About the artist:
Diane Cobert/Brunner was born in Washington, D.C. When she was four, her mother taught her the art of making play-doe sculptures; this became one of her favorite activities, along with coloring outside the lines in coloring books, and making cards for family and friends. In school, Diane looked forward to projects that included a large poster board and plenty of space to create. Diane enjoyed watching and playing every kind of sport. To be part of the crowd in a large arena was most captivating. The endless stream of colors, the wave of noise, and the fierce competition was magical for Diane. Diane’s Grandfather was a big baseball fan and also encouraged her to make things out of shells, odds and ends, and glue. Diane was fascinated with putting things together. As Diane grew up, she pursued other interests. Diane went to college, married, and moved to San Diego to start a family. After the arrival of the first of her three children, the artist found her husbands' old paint supplies and began painting. Sports became a major theme in Diane's work. Painting bridged the gap between the past and the present. She has written a light-hearted book called “Beyond a Shell”. Diane is also very passionate about writing and recording music. Her art work has been displayed at various venues throughout the US, including the Empire State Building. Her largest picture can be found at the Staten Island Children’s Museum. The piece is a historic baseball stadium in NY, with 1,636 little people in it. The work took 8 ½ years to complete. The artist dreams of one day having a large collection of her work displayed at the Hirshhorn Museum in Washington, D.C. Diane’s work is a sum of all the events in her life up until now. Every work is a deep a reflection of her soul.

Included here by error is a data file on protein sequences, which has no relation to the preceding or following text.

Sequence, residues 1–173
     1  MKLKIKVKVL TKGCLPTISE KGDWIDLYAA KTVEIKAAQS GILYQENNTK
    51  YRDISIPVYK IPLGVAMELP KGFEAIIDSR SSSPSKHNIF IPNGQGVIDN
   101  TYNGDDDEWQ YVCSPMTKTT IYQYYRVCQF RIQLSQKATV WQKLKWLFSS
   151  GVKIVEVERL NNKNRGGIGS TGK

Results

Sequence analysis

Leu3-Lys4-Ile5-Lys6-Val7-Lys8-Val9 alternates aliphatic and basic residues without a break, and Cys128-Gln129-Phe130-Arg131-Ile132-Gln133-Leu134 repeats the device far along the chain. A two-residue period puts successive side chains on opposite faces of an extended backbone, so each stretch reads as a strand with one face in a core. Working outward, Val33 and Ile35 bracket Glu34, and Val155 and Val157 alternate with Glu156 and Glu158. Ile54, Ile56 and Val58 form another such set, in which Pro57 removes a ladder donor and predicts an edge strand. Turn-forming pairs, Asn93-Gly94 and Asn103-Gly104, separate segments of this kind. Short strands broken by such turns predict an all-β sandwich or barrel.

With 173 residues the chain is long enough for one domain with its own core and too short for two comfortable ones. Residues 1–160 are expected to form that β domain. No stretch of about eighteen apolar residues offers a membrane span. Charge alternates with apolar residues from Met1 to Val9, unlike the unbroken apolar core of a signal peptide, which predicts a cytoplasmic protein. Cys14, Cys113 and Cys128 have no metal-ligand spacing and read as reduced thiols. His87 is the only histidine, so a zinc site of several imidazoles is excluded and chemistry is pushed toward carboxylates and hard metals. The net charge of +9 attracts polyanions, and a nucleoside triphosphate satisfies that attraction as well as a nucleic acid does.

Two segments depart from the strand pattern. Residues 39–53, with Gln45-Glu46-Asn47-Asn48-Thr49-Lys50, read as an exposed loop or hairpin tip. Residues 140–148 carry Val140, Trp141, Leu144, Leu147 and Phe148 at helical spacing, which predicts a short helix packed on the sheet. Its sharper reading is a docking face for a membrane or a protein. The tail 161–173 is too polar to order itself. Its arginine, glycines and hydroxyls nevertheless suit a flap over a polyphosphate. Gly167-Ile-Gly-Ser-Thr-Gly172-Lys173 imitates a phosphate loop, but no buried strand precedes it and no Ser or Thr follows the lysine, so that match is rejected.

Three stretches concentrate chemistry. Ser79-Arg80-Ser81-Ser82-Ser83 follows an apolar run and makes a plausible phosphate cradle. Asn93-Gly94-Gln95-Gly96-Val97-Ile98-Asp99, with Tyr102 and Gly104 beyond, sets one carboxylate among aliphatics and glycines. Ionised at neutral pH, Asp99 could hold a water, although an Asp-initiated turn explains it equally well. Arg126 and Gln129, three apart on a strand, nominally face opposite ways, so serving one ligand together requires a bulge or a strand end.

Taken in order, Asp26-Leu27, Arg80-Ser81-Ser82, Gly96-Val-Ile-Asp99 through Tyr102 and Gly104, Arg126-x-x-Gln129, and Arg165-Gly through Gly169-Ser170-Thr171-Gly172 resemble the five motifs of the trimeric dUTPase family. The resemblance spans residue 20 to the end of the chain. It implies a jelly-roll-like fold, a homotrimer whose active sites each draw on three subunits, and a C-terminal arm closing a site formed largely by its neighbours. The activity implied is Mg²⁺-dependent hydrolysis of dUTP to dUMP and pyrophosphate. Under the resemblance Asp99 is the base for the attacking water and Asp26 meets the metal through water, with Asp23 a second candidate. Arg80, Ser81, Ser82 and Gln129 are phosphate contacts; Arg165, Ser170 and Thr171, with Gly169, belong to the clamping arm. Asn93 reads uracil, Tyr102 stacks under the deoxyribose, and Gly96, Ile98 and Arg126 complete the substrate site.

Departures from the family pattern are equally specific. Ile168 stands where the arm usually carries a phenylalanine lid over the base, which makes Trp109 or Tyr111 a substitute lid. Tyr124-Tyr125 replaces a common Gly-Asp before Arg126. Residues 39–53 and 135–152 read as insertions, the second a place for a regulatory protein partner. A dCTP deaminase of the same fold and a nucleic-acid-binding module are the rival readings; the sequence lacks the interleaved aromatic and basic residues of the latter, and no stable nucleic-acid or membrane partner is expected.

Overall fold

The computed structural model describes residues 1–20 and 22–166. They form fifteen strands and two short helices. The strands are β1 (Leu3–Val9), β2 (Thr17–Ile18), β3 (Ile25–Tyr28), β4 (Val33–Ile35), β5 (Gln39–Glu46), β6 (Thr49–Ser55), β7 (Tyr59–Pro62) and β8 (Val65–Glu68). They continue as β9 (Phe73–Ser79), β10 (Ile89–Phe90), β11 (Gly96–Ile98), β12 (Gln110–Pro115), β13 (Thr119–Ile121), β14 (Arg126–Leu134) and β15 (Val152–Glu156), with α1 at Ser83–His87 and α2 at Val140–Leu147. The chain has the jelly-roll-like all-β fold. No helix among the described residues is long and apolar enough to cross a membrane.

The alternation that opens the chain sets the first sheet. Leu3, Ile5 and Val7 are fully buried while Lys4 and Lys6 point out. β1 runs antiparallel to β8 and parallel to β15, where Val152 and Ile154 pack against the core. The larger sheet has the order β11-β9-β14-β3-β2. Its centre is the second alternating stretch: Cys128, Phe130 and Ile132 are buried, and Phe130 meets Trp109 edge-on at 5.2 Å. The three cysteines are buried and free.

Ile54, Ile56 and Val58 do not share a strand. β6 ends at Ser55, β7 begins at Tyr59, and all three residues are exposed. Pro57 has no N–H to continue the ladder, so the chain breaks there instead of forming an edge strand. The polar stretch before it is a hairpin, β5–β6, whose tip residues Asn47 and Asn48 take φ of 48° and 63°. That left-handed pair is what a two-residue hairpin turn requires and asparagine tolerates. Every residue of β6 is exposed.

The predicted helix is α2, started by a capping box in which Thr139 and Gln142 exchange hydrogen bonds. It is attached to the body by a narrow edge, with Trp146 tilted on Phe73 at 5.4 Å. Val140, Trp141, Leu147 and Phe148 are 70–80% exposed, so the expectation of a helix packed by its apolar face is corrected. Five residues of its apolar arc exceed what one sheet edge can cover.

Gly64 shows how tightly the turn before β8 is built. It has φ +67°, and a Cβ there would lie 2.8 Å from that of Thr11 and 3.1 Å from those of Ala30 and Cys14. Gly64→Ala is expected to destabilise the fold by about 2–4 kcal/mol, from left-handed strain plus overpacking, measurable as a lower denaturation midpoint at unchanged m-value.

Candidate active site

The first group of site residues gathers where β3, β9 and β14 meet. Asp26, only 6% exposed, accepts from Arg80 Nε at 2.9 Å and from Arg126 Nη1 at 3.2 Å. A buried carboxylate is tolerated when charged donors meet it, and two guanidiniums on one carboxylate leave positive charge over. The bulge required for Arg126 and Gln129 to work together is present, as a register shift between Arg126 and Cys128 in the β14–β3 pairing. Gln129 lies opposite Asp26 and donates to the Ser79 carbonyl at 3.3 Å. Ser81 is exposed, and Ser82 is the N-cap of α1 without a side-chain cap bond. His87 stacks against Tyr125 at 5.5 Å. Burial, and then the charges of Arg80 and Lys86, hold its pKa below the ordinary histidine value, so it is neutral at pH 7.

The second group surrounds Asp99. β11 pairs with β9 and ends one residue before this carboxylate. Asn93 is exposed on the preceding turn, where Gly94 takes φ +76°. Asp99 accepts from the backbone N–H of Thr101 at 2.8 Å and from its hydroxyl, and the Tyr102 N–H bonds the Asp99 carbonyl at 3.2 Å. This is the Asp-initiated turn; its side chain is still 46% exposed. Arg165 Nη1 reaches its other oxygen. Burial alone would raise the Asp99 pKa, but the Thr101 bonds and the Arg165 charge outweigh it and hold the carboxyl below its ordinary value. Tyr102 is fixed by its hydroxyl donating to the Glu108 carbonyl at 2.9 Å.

Diane Cobert/Brunner was born in Washington, D.C. When she was four, her mother taught her the art of making play-doe sculptures; this became one of her favorite activities, along with coloring outside the lines in coloring books, and making cards